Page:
When you’re young, saving for retirement often seems futile. Escaping the rat race is motivating enough, but what if you’re too old to enjoy it once you get there?

It’s the reason some folks are embracing mini-retirements—or shorter breaks throughout their career.    

Taking a break from your career isn’t a new concept, but mini-retirements took off after Tim Ferriss wrote The 4-Hour Workweek. It’s all about temporary sabbaticals to make the most of your life now—while you’re still young and healthy to savor it.

If you’re looking for real-life examples, we spoke to folks who pulled off their own mini-retirements.

Here’s a look at why they took a break, how they saved for it, and the impact the break had on their long-term financial plans.

Save Easier, Travel More

Traveling the world for ten months

The desire to travel sparked a mini-retirement for Kimmoy Matthews of Keeping Up With Kimmoy. After squirreling away $20,000, she left the workforce to spend ten months exploring the world. As she was running low on cash, she scored a well-paying gig at Google and kicked off the next phase of her career.

“Even though I started over, I don’t think my mini-retirement delayed my actual retirement. It was worth every penny,” says Matthews. She says time is on her side and credits her lucrative new career for her high savings rate.

Once you start traveling, it may be tempting to join the ranks of other full-time digital nomads.

But before making the leap, Matthews says you should consider your long-term financial goals. “My dad once said to me, ‘you’re going to be fifty one day.’ It was a great reminder to enjoy the present but still plan for my future self,” she adds.

Taking eight months to heal after losing a spouse

After serving in the Air Force, Daniel Kopp of Military Life Planning knew he was ready for a break. He dreamed of exploring national parks by RV with his wife. But unfortunately, she passed away before they could do it together.

With her blessing, Kopp stuck with the original plan.

He took eight months to travel across 38 states, seeing 12 national parks. The total cost was around $32,000, which took them about two years to save. He also did a little freelancing for some income to supplement his savings.  

Kopp admits his sabbatical didn’t happen without trade-offs.

For eight months, he stopped adding to his investments. Also, the $32,000 he spent could have put him closer to his goal of financial independence. He says his detour set him back by about two years—but he would do it again. “Instead of a mad dash to financial independence, I prefer to enjoy the journey with shorter sabbaticals along the way,” he says.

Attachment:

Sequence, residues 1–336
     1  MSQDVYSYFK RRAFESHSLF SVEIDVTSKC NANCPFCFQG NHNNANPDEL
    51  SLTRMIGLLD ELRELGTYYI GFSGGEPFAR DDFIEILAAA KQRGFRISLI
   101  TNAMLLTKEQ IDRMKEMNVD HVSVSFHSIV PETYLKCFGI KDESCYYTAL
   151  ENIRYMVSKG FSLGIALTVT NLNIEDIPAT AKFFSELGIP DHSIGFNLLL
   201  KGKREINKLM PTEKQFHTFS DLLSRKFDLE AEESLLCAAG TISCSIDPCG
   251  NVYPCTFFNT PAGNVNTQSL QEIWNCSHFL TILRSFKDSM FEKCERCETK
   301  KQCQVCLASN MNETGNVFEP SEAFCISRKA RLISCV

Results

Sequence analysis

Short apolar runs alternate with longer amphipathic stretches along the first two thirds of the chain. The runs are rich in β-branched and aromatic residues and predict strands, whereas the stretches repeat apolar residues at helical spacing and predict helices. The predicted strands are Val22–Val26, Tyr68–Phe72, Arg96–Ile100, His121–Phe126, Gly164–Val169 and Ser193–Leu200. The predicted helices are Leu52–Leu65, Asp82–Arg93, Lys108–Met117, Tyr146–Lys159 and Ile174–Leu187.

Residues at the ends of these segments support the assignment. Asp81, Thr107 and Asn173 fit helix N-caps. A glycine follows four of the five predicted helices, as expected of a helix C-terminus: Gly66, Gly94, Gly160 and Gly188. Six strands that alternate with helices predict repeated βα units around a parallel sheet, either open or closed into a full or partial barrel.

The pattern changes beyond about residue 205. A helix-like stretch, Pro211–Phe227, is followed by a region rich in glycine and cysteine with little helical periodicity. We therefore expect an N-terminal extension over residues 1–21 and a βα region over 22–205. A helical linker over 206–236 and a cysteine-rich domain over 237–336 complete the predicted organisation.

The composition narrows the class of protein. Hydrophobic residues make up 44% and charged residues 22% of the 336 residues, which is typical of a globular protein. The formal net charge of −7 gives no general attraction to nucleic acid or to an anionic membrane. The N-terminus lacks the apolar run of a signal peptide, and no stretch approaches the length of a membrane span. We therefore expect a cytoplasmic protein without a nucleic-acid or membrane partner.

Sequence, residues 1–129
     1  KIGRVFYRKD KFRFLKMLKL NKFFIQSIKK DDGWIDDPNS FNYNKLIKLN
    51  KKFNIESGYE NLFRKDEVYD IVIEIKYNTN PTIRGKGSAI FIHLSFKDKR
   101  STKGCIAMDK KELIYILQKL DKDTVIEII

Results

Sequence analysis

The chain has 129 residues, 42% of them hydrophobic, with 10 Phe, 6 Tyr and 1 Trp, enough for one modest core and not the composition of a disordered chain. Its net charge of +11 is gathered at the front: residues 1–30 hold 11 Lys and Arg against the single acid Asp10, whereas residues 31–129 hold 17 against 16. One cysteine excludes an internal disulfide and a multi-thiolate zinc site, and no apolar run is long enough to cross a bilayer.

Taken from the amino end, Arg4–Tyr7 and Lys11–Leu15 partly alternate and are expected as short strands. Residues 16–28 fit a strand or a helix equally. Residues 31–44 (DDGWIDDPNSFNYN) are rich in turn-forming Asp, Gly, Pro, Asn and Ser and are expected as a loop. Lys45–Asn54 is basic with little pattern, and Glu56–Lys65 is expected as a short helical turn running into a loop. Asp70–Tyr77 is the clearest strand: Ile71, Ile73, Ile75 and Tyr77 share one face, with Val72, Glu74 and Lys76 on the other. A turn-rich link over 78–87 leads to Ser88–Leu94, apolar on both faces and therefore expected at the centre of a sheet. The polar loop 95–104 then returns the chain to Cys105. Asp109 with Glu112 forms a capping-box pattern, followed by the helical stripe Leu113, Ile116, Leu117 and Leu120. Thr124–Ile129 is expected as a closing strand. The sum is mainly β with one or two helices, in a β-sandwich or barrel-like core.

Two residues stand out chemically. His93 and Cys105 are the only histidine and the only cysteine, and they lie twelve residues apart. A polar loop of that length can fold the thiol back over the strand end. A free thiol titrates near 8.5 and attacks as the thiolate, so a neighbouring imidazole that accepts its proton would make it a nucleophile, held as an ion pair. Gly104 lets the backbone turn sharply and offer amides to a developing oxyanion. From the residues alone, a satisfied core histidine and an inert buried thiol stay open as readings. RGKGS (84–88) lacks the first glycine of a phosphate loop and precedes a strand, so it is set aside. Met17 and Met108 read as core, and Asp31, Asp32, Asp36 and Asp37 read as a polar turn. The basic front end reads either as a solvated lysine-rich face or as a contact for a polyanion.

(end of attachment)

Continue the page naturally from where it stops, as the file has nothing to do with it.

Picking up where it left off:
If you’re planning your own trip, Kopp suggests talking to others who have done it. Try to be realistic about all the places you want to go. Before quitting your job, crunch the numbers and make sure you are comfortable with what you see.

Before quitting your job, crunch the numbers and make sure you are comfortable with what you see.

Save Easier, Travel More

Downsizing to travel by the country RV for a year

Jacob Wade of I Heart Budgets downsized to fund his family’s year of traveling. They fixed up and sold their home for a $160,000 profit. They also set aside $25,000 to buy an RV and vehicle to tow it.

He expects to spend about $60,000 for their upcoming year-long trip.

“To keep yourself motivated, print out pictures of what you want during the time off. Put them in your cubicle, on your fridge, everywhere, to remind yourself why you are saving aggressively,” says Wade. They made a habit of saving 40% of their income and getting a month ahead on each of their bills.

On paper, Wade’s family is draining 35% of their savings, which sounds risky.

But he believes their choice to downsize will help them achieve retirement sooner. The RV plan was a major shift because they originally planned on buying a home twice the size.  

“You will not regret it for a second. It will truly clear your mind, and may even help you reach financial independence sooner as you discover what is really important to you,” Wade adds.

Before turning in your resignation, there is planning to do.

It’s more than setting aside enough living expenses for the number of months you want to take off. You will need to weigh the long-term cost of your decision. Can you really afford to give up your income? Are you willing to cut back on investing? Only you can decide.

If the decision feels too complex, don’t be afraid to run it by a second set of eyes. You may enjoy your mini-retirement a lot more knowing it’s not going to derail your financial future.

Kate Dore is a freelance personal finance writer based in Nashville, TN. She is a Candidate for CERTIFIED FINANCIAL PLANNER™ Certification and serves as the Director of Public Relations for the Financial Planning Association of Middle Tennessee.

Disclaimer: These are personal accounts of individuals who are not clients of JHPFS, LLC and nothing contained herein is intended as investment advice

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